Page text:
Tennant wrote yesterday: "I first met Tom in 1975 and then a decade later he became our manager. He was a genuine larger-than-life personality - his company was called Massive Management - and we learned a lot together about the music business and had many good times".
Noting that Watkins had a sometimes fractious relationship with some of his management clients, Tennant goes on "after Tom ceased to be our manager, I remained his friend for several years but for various reasons long-term friendship with Tom wasn't possible".
"However", Tennant said, he and fellow Pet Shop Boy Chris Lowe "will always be grateful for his efforts on our behalf in the early days of our career and we have many memories of fun times with him back then. Today we sent flowers to his funeral with the message 'thanks for five Massive years'".
A cause of death has not been confirmed, though Watkins had suffered with ill-health in the latter years of his life, requiring a liver transplant and later suffering a stroke. He is survived by his partner Marc.
Sexual harassment allegations against Placido Domingo "credible", says LA Opera report
Law firm Gibson, Dunn & Crutcher carried out the independent investigation, which lasted for six months and involved interviews with 44 people, including Domingo himself. It said that the ten allegations it had received were "deemed ... to be credible, in part because of the similarities in [the accusers'] accounts".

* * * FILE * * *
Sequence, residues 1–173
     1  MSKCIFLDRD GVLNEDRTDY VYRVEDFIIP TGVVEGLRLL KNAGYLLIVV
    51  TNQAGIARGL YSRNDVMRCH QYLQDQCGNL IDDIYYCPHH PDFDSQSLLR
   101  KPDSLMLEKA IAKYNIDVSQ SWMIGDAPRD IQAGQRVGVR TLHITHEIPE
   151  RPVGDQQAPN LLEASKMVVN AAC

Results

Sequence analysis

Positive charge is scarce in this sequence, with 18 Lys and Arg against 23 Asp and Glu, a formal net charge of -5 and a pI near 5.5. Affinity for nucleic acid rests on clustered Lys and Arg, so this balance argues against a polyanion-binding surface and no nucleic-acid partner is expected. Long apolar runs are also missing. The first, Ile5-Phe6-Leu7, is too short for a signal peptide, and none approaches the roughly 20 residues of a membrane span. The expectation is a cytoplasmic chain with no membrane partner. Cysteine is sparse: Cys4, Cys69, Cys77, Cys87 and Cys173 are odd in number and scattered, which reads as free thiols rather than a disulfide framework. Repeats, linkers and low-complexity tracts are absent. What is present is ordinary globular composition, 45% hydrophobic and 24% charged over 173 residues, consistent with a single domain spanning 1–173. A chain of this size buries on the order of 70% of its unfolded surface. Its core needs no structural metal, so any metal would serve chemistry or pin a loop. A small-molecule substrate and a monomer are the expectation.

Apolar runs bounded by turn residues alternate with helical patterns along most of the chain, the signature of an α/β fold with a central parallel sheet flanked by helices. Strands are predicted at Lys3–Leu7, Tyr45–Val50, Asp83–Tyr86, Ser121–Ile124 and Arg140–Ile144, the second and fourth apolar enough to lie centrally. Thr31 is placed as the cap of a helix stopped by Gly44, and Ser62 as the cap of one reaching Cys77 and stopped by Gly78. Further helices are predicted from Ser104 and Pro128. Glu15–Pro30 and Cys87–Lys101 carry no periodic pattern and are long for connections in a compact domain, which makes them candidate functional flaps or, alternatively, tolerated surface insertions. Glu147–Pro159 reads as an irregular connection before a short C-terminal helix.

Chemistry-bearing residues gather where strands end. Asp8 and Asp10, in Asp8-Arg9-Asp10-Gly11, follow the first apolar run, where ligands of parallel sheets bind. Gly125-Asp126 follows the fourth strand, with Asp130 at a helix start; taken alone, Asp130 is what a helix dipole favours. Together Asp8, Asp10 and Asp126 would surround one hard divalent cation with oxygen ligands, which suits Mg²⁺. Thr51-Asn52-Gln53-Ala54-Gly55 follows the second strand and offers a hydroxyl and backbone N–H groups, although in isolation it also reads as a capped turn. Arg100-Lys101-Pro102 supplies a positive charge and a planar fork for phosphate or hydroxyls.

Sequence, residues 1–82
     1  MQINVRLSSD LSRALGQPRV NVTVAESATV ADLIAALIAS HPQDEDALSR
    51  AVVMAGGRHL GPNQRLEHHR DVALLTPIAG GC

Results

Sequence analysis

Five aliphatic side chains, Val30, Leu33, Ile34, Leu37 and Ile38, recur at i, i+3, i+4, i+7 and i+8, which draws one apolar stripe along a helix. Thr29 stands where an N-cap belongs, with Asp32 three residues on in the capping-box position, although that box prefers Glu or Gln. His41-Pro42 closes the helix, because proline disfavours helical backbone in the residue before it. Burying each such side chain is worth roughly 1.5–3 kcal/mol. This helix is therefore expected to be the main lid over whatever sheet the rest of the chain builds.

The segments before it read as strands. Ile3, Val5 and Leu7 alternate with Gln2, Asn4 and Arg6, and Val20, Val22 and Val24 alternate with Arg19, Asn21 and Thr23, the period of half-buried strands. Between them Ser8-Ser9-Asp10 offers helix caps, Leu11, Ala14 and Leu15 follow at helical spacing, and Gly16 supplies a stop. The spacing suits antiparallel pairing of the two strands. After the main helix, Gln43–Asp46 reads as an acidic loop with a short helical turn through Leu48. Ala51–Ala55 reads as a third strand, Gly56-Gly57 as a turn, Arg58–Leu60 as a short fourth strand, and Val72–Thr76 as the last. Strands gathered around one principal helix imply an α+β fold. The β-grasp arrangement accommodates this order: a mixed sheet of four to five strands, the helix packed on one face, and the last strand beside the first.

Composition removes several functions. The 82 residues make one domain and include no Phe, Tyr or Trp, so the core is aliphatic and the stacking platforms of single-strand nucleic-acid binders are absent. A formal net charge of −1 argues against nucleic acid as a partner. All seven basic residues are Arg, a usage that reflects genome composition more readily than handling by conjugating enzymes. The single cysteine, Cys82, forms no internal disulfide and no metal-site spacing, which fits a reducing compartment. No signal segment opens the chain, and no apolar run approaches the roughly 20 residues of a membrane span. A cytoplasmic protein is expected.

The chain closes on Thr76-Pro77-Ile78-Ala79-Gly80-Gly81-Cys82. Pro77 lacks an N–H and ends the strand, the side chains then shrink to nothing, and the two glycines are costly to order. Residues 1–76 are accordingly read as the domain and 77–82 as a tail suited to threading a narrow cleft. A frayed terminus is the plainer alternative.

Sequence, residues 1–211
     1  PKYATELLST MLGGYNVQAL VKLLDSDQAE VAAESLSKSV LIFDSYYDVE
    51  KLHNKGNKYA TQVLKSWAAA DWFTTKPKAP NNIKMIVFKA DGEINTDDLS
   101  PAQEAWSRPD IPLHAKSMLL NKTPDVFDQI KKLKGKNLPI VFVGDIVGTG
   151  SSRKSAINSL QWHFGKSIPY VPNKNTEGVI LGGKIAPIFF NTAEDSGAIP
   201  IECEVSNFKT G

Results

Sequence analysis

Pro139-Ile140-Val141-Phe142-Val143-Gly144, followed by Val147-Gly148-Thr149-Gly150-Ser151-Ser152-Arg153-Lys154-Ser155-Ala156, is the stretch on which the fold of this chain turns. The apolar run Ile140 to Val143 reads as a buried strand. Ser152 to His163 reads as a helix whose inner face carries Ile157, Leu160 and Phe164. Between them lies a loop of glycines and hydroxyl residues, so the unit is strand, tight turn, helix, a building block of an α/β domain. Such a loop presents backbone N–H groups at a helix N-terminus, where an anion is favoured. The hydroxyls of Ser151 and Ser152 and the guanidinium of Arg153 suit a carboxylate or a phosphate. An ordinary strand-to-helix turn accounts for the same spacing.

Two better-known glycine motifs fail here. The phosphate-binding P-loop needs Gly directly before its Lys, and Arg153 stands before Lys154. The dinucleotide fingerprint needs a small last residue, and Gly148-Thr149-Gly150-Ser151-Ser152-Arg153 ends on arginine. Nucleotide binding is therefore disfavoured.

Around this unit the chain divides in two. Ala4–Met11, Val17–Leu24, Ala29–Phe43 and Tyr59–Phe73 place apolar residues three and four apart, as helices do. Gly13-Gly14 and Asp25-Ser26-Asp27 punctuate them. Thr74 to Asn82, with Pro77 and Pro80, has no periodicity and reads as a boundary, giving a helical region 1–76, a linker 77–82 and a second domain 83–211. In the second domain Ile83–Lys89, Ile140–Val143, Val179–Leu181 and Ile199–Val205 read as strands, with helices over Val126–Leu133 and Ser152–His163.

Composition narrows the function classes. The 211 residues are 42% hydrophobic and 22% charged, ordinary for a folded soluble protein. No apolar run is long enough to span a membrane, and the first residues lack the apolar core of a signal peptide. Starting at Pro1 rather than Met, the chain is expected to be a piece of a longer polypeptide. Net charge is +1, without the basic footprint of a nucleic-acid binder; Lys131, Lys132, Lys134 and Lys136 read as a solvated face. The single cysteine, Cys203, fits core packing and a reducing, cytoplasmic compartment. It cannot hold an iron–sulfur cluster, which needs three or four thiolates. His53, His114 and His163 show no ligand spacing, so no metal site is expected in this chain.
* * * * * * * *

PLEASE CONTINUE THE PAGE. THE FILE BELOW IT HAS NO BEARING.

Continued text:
"The level of discomfort reported by the women varied, ranging from some women stating they were not uncomfortable to others who described significant trauma", it went on. "Some individuals stated that they felt discouraged to report misconduct due to Mr Domingo's importance and stature".
However, it added, it had "found no evidence that Mr Domingo ever engaged in a quid pro quo or retaliated against any woman by not casting or otherwise hiring her at LA Opera". Partly this was because hiring at the company involves a team of people.
Debra Katz, an attorney representing a number of Domingo's accusers, expressed disappointment at this part of the investigation. She told the New York Times that at least one of her clients believes she lost opportunities at the LA Opera as a direct result of rejecting Domingo's advances.
The investigation also had some criticism for the LA Opera itself, saying that while its policies and procedures on sexual harassment were sufficient, the way in which they had been implemented were not. In particular, the law firm "found LA Opera's communications regarding sexual harassment to be insufficiently robust and at times lacking".
It added that the company's "approach to addressing sexual harassment was largely reactive until 2018" and the "structure, process, and documentation relating to sexual harassment in earlier years had been too informal and at times inconsistent".
In response, the LA Opera said that it was implementing all recommendations made by Gibson, Dunn & Crutcher on improving its systems for reporting sexual harassment.
The company said: "We believe that everyone should be treated respectfully and feel secure within their work environment. We also believe everyone should feel safe and should be encouraged to report any misconduct they encounter".